About San Onofre Nuclear Generating Station (SONGS) fronting the Pacific just south of the Orange County line, we wonder whether a tsunami and/or earthquake might unleash its sparklers.
Official reassurances this could not happen include referral to a "30-foot-high" barrier wall across its shore side.
But height and sturdiness may not be all that is called for. Where barriers are sited, as well as how they are designed to handle an incoming surge, may turn out to be life-and-death important.
All of us want to believe nothing like this could ever happen here.
Millions, whether they know it or not, are betting their lives and the lives of their families, friends and neighbors on that belief.
But whose responsibility is emergency response?
If you don't know, maybe you should find out. Don't ignore the question. Don't just point every which way but home.
How come the Dana Point is the only city on the Orange Coast with an official tsunami-ready community logo on its website?
Why does the city of Huntington Beach test sirens monthly and web-post its tsunami evacuation map?
Why is even the word "tsunami" missing from the Seal Beach city website? Such a sea surge there would abruptly create a human tossed salad.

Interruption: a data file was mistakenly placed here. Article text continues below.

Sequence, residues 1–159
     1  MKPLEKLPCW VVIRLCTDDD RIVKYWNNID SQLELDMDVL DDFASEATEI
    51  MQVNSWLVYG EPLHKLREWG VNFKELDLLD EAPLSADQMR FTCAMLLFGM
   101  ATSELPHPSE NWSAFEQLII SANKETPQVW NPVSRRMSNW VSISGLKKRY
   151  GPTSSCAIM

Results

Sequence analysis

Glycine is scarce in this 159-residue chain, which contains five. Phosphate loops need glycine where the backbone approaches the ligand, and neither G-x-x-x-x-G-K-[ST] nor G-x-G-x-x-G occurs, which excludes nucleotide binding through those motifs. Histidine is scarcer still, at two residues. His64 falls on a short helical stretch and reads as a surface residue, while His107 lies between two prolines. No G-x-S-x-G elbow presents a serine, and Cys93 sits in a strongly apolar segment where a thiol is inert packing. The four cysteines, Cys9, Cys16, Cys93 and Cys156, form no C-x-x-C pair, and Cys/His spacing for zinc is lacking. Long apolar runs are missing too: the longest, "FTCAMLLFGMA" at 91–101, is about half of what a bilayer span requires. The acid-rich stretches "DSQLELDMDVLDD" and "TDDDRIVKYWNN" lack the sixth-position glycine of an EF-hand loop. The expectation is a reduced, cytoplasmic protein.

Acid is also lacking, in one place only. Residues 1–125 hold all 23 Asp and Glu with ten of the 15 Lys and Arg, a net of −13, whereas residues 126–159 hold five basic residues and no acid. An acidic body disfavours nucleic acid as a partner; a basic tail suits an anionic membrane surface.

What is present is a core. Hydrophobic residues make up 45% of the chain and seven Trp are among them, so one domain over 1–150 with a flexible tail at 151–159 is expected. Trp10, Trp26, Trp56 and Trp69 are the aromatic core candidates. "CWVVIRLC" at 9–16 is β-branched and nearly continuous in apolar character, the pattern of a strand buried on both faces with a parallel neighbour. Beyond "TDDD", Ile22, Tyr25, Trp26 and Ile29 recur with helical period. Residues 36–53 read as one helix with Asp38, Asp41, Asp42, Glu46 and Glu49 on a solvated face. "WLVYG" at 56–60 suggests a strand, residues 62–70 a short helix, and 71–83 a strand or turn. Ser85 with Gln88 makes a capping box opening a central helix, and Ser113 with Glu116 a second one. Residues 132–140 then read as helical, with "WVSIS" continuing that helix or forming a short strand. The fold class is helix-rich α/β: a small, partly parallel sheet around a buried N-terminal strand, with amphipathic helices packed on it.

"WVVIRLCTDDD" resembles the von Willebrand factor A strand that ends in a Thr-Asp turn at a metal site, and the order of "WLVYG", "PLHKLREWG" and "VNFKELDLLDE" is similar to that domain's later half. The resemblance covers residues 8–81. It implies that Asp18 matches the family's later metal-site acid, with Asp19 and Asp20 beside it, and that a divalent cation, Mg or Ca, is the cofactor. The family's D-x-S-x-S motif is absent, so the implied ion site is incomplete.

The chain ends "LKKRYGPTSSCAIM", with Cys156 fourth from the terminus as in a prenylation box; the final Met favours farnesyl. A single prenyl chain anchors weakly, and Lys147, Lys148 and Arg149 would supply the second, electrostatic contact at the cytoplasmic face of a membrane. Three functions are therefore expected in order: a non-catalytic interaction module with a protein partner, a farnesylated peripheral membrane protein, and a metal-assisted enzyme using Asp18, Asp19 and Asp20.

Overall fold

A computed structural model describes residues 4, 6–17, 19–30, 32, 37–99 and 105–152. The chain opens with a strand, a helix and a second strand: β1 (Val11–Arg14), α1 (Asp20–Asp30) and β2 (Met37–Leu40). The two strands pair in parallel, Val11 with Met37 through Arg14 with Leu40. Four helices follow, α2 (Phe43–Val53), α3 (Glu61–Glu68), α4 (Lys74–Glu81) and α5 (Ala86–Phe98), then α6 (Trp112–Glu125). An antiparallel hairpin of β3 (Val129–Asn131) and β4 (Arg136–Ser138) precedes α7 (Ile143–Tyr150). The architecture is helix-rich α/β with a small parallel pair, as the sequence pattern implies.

Where on the city of Newport Beach website is there information about a tsunami that could sweep its peninsula and everything in and around its harbor? A Newport Beach inundation map posted elsewhere on the Web suggests an incoming tsunami might run its upper bay inland like a UC Irvine freshman late for class.
Where on the Web, or anyplace else, does the city of Laguna Beach make public that its downtown — already forewarned by surge nudges — could be gigantically wet-mopped by a tsunami?
Most of the San Clemente runs inland from seaside bluffs, but where it doesn't you may see at least some tsunami-hazard signage. Warnings appear on roads entering either end of its marina/coastal park area.
There is even one in Capistrano Beach, a mile inland on Doheny Park Drive, just before Costco.
Some city of San Clemente tsunami hazard signage shows up on the shoreside of the coastal railroad track crossings favored by beachgoers.
It's better than the absence of any at neighboring San Onofre State Beach and SONGS.
A few years ago, the tsunami bell tolled in the Indian Ocean. A few months ago, it tolled in the western Pacific, a clang that smashed ashore on Hawaii's Big Island Kona Coast and devastated California's Santa Cruz boat harbor while pounding our Humboldt shoreline.
Where will it toll next?
GALAL KERNAHAN is a Laguna Woods resident.